Your Consent Isn’t Necessary For a Blood or Breath Test in PA

You do not have to give outright consent to take a blood test or breath test at the time you are pulled over, at a hospital, or police station for a PA DUI-DAI. Many people think that if a Pennsylvania police officer wants to invade your body, by insertion of a needle to take your blood, that you must give full and clear verbal or written consent. This is not the case in PA, even if you are afraid of needles. Furthermore, you are not allowed to choose between the blood or breath test either.

PA has an implied consent DUI-DAI law. This means that when you applied for your PA driver’s license, you agreed to give consent for Pennsylvania police to test you for alcohol and/or drugs in your system. This includes the taking of your blood by needle.

Usually a Bucks County, Pennsylvania police officer will take the DUI-DAI suspect from the scene of the traffic stop to a local Bucks County hospital. Bucks County is one of several Pennsylvania counties that do not use the old Breathalyzer machine.

Bucks County DUI-DAI procedure is to take the suspect for a blood test. There are many reasons Bucks County police use this practice. Unfortunately, there are usually less defenses to attack the PA DUI-DAI blood test, then there are defenses to attack the old Breathalyzer machine test—Advantage to the prosecution.

The Pennsylvania police are required by law to administer the blood or breath test within two hours after the individual has driven, operated or been in actual physical control of the movement of the vehicle. There are exceptions to this rule.

§3802 (g) of the PA DUI-DAI law states that if the PA police officer shows good cause explaining why the chemical test sample could not be obtained within two hours and where it is established that the individual did not imbibe any alcohol or utilize a controlled substance between the time the individual was arrested and the time the sample was obtained, then the blood or breath test could occur after the two hour point.

I believe that it would be a rare occasion for a Pennsylvania judge to outright dismiss a PA DUI-DAI case because the blood or breath test was administered more than 2 hours after the operation of the vehicle. I believe the police will find some kind of excuse for a late test.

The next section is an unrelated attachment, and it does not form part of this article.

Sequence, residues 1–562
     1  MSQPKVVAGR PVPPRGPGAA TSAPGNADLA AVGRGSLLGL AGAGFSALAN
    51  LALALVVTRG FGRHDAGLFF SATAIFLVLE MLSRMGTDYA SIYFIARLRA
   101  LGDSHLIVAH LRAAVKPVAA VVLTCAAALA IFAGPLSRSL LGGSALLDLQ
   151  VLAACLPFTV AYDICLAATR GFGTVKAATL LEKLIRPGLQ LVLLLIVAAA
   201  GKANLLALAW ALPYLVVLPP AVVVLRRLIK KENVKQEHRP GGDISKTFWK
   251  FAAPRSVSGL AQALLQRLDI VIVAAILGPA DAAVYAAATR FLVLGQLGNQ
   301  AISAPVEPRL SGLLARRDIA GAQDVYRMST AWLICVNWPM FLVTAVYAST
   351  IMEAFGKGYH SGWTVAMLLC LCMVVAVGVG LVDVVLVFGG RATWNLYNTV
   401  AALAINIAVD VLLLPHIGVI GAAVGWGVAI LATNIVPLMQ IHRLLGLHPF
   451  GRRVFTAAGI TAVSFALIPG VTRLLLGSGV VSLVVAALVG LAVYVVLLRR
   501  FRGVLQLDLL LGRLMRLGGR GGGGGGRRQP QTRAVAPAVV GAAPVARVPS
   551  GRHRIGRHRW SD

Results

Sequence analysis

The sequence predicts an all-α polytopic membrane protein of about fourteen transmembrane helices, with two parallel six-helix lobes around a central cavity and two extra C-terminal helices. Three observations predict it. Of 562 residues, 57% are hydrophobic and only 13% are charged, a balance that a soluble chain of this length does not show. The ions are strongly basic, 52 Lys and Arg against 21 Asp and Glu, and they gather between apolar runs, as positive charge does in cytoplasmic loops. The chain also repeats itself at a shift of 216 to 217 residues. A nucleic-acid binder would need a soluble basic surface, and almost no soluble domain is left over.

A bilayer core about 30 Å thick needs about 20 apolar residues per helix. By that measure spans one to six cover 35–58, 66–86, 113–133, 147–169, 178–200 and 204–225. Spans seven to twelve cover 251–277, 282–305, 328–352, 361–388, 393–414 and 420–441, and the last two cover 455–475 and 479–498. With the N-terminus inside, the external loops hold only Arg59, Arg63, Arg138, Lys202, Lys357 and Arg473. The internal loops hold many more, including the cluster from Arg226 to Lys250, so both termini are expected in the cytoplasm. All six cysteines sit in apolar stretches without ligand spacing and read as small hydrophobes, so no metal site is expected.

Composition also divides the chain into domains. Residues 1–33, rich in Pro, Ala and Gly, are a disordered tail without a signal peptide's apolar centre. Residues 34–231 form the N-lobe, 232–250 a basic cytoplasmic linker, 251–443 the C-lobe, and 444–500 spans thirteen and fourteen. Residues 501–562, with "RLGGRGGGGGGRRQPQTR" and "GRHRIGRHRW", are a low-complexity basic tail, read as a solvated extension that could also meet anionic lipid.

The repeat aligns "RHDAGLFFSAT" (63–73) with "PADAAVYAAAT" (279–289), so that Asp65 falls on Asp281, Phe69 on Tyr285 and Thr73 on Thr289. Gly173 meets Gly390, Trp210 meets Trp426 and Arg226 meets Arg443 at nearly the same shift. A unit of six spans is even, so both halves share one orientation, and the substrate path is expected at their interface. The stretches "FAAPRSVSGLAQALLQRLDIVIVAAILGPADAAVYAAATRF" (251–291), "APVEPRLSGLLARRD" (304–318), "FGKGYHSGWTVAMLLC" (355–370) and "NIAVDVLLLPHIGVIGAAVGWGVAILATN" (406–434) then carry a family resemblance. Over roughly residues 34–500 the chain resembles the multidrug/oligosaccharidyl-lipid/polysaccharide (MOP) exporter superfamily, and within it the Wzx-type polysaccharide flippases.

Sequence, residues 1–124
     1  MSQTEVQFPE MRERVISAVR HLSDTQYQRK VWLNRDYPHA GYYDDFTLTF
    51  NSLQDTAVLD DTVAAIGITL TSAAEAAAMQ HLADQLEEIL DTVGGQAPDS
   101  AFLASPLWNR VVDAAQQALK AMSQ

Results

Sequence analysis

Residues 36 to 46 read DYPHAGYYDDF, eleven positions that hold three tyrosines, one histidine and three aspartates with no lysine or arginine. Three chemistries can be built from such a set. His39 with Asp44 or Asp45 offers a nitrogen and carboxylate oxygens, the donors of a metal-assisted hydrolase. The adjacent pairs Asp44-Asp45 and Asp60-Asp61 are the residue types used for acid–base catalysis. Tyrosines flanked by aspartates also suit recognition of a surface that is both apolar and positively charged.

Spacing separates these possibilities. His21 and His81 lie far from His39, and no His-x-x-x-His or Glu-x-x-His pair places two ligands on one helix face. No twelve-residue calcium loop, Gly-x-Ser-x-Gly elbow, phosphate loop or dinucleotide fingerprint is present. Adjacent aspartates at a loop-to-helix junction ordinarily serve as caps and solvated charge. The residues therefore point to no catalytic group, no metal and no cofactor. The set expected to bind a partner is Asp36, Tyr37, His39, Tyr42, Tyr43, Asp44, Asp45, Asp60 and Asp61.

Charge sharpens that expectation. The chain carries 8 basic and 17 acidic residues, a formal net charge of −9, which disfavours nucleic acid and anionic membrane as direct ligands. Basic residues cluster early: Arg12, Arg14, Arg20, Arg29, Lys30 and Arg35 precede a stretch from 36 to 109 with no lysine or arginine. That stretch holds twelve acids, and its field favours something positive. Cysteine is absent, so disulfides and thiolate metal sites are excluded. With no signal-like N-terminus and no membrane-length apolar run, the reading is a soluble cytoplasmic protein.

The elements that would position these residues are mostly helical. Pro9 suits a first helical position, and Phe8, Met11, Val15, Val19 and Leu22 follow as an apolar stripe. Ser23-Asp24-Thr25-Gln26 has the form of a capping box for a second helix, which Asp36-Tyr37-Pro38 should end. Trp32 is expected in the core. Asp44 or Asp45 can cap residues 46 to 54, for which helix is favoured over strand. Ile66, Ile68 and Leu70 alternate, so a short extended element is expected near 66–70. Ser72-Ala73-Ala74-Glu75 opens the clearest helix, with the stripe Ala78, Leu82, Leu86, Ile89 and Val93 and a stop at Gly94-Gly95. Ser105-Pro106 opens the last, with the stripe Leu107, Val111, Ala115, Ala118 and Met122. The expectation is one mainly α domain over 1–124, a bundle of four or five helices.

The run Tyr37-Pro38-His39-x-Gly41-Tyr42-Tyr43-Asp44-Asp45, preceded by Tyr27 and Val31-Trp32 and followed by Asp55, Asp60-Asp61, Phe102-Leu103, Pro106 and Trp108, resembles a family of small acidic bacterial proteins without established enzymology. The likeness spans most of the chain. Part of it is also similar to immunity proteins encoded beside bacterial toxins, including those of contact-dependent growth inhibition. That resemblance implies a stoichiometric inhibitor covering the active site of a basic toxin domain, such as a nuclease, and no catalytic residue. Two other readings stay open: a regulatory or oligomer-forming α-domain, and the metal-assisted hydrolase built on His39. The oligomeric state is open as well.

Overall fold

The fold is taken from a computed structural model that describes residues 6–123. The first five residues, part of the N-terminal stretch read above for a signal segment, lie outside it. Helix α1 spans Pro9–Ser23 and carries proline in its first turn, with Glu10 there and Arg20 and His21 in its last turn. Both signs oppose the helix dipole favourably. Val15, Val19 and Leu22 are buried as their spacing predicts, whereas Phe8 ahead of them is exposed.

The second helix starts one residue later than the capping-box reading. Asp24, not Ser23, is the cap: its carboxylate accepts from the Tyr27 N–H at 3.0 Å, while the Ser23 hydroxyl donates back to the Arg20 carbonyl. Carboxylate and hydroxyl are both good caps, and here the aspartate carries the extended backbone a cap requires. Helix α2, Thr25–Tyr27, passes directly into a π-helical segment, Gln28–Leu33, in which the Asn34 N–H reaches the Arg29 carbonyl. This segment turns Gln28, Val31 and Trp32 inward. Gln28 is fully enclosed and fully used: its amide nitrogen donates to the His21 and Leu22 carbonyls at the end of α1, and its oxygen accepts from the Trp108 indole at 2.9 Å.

Is this law fair? Couldn’t you have a higher blood alcohol content (BAC) two or more hours after you drove then you did at the time you drove? You could be found guilty under this flawed PA DUI-DAI law if you were sober while you drove, but two hours later your BAC was higher than .08.

You have also the choice to refuse the PA DUI-DAI blood or breath test. If you do refuse, you will be charge with Refusal to take the blood or breath test, which usually carries greater penalties.

The author of this Law Blog, Bucks County PA & Mercer County, NJ criminal attorney, Michael L. Saile, Jr., Esq. of Cordisco & Saile LLC, Attorneys-at-Law practices both New Jersey and Pennsylvania criminal, traffic violations, and DUI/DWI/DAI law. Check out our website for DUI penalties. We handle all NJ Municipal Court cases including DUI in the following NJ Municipal Courts: Hopewell Township, Ewing Township, Trenton, Lawrence Township, Hamilton, Pennington, and other Mercer County, Burlington County, and Camden County, NJ courts. We also handle lower bucks county DUI and traffic violation cases in the following towns: Bensalem, Southampton, Richboro, Newtown, Levittown, Langhorne, Doylestown, Warminster, Trevose, Feasterville, Warrington, Bristol, Fallsington, Yardley, New Hope, Holland, Washington Crossing, PA, and other Bucks County courts. We handle DUI cases in Philadelphia, Bucks, Chester, Delaware, and Montgomery County, PA. We are located just outside of Philadelphia in lower Bucks County.